Family Law

How digital technology can help (and hinder) separating parents

John Thistleton21 July 2019
Alison Osmand

Alison Osmand – partner at DDCS Lawyers. Photo: Supplied.

Nearly every Australian adult now carries a smartphone in their pocket. And while we use our phones for everything from ordering dinner, to hailing a ride or paying bills, few people are aware of the technology available to separating couples.

DDCS Lawyers partner Alison Osmand says new technology like apps can help former spouses navigate the financial and shared care arrangements. These options allow separated couples to communicate in a neutral way while keeping a record of discussions to avoid conflict over ‘but you said this’.

She says the most frequently used apps are replacing the ‘communication book’ that parents going through a separation once used.

“Often parents unable to communicate freely with one another would use a notebook, which would travel with the child, often in the child’s bag, when they would go back and forth from one parent to the other.”

The wide range of apps allows parents to privately communicate during an emotional and stressful upheaval, without making children feel that they are the go-between in discussions.

While many parents may still be able to communicate via text message or phone calls without issues, in high conflict cases or cases of family violence, Ms Osmand would generally recommend an app.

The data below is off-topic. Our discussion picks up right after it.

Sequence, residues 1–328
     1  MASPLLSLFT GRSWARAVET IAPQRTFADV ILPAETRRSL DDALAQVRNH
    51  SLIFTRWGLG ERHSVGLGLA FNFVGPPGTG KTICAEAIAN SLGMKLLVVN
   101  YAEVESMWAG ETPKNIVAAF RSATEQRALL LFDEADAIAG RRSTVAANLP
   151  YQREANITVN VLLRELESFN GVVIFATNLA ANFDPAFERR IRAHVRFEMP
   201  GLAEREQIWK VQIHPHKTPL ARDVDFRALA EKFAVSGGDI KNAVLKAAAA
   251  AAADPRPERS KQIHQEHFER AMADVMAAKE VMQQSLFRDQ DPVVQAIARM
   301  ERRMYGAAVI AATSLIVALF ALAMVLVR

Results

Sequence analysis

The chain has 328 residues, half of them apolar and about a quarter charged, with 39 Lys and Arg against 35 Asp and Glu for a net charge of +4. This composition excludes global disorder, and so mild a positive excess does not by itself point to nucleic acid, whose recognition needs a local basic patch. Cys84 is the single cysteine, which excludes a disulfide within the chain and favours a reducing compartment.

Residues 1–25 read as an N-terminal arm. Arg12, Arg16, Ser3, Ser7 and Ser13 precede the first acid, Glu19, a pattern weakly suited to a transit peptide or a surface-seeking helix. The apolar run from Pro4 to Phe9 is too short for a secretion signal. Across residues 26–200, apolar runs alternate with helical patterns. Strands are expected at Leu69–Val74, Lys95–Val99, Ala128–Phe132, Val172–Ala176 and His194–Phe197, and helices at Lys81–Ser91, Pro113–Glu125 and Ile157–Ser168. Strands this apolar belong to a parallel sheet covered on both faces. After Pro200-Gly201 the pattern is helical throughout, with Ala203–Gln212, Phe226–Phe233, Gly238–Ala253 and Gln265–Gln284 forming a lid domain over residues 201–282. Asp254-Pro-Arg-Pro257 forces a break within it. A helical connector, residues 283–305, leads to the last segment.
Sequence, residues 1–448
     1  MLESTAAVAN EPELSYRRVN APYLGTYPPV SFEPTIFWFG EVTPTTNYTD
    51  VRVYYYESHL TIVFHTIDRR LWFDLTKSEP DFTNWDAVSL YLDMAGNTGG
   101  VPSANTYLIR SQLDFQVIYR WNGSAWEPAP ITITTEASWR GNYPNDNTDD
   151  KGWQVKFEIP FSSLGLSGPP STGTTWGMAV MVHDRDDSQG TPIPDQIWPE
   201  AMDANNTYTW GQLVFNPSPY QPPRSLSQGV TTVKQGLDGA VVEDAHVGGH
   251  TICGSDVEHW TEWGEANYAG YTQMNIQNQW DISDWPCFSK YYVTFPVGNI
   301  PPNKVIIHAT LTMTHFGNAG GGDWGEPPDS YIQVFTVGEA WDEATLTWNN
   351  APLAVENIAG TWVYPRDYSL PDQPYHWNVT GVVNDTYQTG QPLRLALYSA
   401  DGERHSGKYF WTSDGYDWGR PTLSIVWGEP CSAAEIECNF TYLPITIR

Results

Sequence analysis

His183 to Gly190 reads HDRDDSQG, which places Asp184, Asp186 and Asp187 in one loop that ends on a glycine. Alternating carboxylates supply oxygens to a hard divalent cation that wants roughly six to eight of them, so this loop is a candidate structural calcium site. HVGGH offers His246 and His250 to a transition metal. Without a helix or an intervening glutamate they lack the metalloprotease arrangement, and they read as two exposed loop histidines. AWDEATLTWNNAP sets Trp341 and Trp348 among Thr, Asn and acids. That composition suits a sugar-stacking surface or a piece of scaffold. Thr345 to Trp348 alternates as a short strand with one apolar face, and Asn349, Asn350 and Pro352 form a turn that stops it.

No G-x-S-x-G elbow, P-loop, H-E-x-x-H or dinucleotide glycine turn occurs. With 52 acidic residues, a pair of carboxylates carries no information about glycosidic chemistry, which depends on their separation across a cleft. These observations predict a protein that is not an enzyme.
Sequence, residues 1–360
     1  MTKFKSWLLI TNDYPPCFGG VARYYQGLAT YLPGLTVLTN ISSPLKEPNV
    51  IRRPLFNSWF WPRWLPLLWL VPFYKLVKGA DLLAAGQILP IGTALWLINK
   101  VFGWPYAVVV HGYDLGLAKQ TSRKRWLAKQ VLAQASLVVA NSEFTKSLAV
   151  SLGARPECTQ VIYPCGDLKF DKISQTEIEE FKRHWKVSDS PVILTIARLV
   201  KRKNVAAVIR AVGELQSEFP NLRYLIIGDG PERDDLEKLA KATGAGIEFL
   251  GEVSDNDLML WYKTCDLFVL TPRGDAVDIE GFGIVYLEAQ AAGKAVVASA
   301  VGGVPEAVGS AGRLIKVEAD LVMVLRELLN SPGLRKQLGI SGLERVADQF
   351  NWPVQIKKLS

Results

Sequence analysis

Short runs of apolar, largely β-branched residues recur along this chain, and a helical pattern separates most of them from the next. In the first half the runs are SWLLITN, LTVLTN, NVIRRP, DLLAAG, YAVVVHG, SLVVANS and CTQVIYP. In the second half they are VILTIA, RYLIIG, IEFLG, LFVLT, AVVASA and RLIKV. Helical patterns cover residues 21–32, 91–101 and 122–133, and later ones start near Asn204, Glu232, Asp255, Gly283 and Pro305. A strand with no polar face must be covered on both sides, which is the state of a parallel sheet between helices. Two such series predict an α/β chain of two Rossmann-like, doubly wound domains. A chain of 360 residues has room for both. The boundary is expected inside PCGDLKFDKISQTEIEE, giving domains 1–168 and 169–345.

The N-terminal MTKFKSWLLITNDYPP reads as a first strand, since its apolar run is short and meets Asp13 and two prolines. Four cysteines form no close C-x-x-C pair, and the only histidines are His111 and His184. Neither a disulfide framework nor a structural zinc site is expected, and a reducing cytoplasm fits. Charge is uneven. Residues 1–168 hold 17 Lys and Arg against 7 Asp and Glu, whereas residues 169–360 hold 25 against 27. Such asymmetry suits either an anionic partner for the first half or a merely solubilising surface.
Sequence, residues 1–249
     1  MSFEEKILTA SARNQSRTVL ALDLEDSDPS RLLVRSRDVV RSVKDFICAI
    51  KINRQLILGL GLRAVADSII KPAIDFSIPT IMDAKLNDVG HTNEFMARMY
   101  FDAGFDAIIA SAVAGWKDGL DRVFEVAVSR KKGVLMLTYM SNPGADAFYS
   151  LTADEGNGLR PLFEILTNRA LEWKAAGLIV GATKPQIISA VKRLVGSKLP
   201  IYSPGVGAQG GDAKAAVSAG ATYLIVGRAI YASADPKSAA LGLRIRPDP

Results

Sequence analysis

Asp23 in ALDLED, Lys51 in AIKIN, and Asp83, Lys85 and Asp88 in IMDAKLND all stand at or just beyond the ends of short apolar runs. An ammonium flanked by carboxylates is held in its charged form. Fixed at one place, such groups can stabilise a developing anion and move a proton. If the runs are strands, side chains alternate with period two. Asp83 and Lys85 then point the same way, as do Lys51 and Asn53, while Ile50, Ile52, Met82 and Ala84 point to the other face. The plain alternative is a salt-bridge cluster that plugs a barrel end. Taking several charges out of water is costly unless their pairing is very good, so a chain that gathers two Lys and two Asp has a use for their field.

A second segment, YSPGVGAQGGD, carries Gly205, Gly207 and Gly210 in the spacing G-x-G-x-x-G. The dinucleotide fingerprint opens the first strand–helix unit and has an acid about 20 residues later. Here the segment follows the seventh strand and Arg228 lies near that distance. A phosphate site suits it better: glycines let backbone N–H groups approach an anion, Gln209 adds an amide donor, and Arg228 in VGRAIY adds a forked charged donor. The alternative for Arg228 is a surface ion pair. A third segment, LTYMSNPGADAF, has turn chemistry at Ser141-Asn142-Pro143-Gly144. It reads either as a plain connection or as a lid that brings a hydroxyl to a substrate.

“There are a number of good communication apps parents can use, that can also create a record of conversations and restrict the bad things parents might say to one another,” Ms Osmand says. This encourages parents to communicate respectfully with each other about their children.

Likewise, while social media can be a good place to connect with friends, Ms Osmand reminds clients it’s not the place to vent about your former spouse. Even conversations in closed Facebook groups or posts on private Instagram accounts may still be accessible and could be presented as evidence.

“People come to us with posts downloaded from social media pages to show what their former spouse has said about them. That finds its way into the affidavit as evidence in court,” Ms Osmand says.

“One of the first things I say to people now is, ‘Do you have a Facebook account? Instagram? What’s your exposure on social media?’ It is not the forum for talking about how you feel.”

The law firm partner, widely recognised for her expertise in custody and children’s matters, also talks to clients about the possibilities of stalking.

“I often have clients come to me concerned that too many coincidences are happening in their life with their former spouse knowing where they will be or what they are doing,” she says.

“It turns out some form of spyware is on their phone. Unbeknown to them, their spouse can track their movements through their mobile,” Ms Osmand says.

Taking basic precautions like changing passwords on all devices is a sensible first step after separation while in some instances the lawyer will recommend devices are professionally checked for spyware.

Ms Osmand added that while some aspects of digital technology make us vulnerable, the overall shift towards digital technology will ultimately lead to positive outcomes for clients.

“We’re seeing more innovation in family law in terms of tools that are designed to streamline many of the processes that can cost clients time and money.”

Original Article published by John Thistleton on The RiotACT.

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